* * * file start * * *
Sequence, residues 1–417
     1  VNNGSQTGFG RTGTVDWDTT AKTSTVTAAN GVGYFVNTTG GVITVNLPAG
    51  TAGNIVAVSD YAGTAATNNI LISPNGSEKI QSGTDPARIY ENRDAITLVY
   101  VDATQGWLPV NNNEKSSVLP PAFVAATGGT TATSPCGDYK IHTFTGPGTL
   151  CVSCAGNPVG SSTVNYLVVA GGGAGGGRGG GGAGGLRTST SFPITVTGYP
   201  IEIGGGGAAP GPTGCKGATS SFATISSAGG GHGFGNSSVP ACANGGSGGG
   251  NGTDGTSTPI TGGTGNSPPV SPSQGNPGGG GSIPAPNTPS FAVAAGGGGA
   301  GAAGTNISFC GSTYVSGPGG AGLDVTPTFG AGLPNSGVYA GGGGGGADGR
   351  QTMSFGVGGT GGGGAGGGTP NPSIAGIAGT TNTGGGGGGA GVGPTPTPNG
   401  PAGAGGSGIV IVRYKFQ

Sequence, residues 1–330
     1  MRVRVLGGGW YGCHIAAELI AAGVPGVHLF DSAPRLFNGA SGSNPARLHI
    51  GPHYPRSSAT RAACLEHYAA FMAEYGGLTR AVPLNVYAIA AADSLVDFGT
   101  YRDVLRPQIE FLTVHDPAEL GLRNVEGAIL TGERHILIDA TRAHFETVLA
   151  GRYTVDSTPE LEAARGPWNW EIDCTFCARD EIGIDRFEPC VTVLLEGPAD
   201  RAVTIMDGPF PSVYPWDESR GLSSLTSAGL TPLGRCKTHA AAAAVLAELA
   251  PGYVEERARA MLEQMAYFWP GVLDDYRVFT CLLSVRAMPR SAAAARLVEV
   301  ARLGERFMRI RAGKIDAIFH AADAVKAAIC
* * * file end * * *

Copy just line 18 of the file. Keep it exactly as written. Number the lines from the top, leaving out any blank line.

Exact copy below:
   301  ARLGERFMRI RAGKIDAIFH AADAVKAAIC